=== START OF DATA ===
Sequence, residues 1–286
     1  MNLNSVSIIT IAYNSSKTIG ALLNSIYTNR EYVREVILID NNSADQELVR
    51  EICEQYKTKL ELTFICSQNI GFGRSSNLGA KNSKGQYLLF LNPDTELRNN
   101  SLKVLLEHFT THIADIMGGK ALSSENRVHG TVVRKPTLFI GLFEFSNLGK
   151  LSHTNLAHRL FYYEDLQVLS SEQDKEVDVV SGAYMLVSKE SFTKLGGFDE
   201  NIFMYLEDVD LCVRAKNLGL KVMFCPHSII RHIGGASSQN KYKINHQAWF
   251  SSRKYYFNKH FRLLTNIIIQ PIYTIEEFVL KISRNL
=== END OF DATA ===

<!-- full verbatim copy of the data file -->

Sequence, residues 1–286
     1  MNLNSVSIIT IAYNSSKTIG ALLNSIYTNR EYVREVILID NNSADQELVR
    51  EICEQYKTKL ELTFICSQNI GFGRSSNLGA KNSKGQYLLF LNPDTELRNN
   101  SLKVLLEHFT THIADIMGGK ALSSENRVHG TVVRKPTLFI GLFEFSNLGK
   151  LSHTNLAHRL FYYEDLQVLS SEQDKEVDVV SGAYMLVSKE SFTKLGGFDE
   201  NIFMYLEDVD LCVRAKNLGL KVMFCPHSII RHIGGASSQN KYKINHQAWF
   251  SSRKYYFNKH FRLLTNIIIQ PIYTIEEFVL KISRNL